Her first novel, The Photographer, has been called "an explosive debut” (Library Journal) and “a breathless psychological thriller about epic mind games” (from People Magazine's 20 Best Books to Read This Summer). It is destined to be the book everyone will be reading this summer.

This page-turner about a family photographer, desperate to belong, who lives off of images rather than experiences will stay in readers minds for a long time. Brilliantly observed, suspenseful, a story of envy and obsession, mesmerizing, this is a unique novel and will make us doubt that seeing is ever believing.

Listen in as we dig into the real-life event that inspired the story, why it’s so important to write every day, and what it’s like driving an RV from coast-to-coast.

The Photographer is available wherever books are sold.

This episode of Uncorking a Story is brought to you by Michael Carlon’s latest novel, The Ruin of Souls. You can purchase The Ruin of Souls in e-Book or paperback format or wherever books are sold. Enjoy the show.

Direct download: Mary_Dixie_Carter_mixdown.mp3
Category:Authors -- posted at: 2:13pm EST

Anne Basting, Ph.D. is an artist, scholar, and educator committed to the power of the arts and culture to transform our lives as individuals and communities. She is Professor of English at the University of Wisconsin Milwaukee, and founder and President of the award-winning non-profit TimeSlips.

Basting's innovative work as both a community-engaged artist and a scholar has been recognized by a MacArthur Fellowship, an Ashoka Fellowship, a Rockefeller Fellowship, and multiple major grants. She is author/editor of multiple books, including her latest, Creative Care (HarperOne); as well as The Penelope Project (U of Iowa), and Forget Memory (Johns Hopkins). TimeSlips fosters an alliance of artists and caregivers bringing meaning and joy to late life through creativity, and has over 900 certified facilitators in 48 states and 20 countries.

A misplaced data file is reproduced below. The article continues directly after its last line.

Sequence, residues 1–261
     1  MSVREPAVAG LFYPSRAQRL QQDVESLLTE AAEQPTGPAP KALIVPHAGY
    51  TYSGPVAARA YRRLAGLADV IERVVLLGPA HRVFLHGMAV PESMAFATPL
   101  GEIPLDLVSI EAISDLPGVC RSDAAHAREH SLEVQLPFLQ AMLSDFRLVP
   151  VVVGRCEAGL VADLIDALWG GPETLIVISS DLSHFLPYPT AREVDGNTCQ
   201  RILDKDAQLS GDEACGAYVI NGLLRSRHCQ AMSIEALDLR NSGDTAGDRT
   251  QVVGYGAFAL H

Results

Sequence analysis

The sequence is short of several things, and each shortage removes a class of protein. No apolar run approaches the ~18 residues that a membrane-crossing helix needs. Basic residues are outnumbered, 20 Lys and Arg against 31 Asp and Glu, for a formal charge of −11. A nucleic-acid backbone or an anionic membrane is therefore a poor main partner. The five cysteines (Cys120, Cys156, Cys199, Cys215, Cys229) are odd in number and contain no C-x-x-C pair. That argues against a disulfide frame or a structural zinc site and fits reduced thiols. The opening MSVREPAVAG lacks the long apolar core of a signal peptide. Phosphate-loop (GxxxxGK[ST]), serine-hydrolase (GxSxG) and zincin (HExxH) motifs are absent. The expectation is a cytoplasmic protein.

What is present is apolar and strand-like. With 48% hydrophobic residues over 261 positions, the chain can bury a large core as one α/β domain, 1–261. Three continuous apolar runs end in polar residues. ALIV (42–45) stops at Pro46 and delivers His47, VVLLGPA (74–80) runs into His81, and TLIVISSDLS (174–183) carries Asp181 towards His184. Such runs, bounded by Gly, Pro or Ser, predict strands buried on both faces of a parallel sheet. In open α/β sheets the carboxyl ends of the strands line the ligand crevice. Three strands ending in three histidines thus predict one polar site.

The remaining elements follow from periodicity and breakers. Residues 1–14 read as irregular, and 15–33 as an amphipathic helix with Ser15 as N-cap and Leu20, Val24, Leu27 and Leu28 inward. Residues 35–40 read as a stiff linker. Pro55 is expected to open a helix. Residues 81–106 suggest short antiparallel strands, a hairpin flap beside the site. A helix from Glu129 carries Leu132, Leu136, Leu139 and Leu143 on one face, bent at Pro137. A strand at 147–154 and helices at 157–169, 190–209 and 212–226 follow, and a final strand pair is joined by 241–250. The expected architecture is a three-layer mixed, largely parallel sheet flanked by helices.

Her latest book, The Creative Care Imagination Kit, is available for sale beginning June 8th and is a perfect resource for friends, family, and caregivers to make connections with and spark conversation and engagement among anyone living with physical, cognitive, or emotional challenges, including memory loss.

Learn more at https://www.anne-basting.com/

Direct download: Anne_Basting_mixdown.mp3
Category:Authors -- posted at: 6:06pm EST

Marilyn Peterson Haus’ story begins when she was born in 1941 on a farm on the Minnesota Plains. Twins, mental illness, sexism/favoritism, religion, farm life in the 40s and 50s, forgiveness and reconciliation are all topics she meticulously weaves together in this extraordinary memoir.

While we touched upon all of that in our interview, what struck me hardest was the struggle she faced with her twin brother. This hit home for me as, like Marilyn, I have a twin brother and our relationship was also strained by favoritism and mental illness, though to a much lesser extent.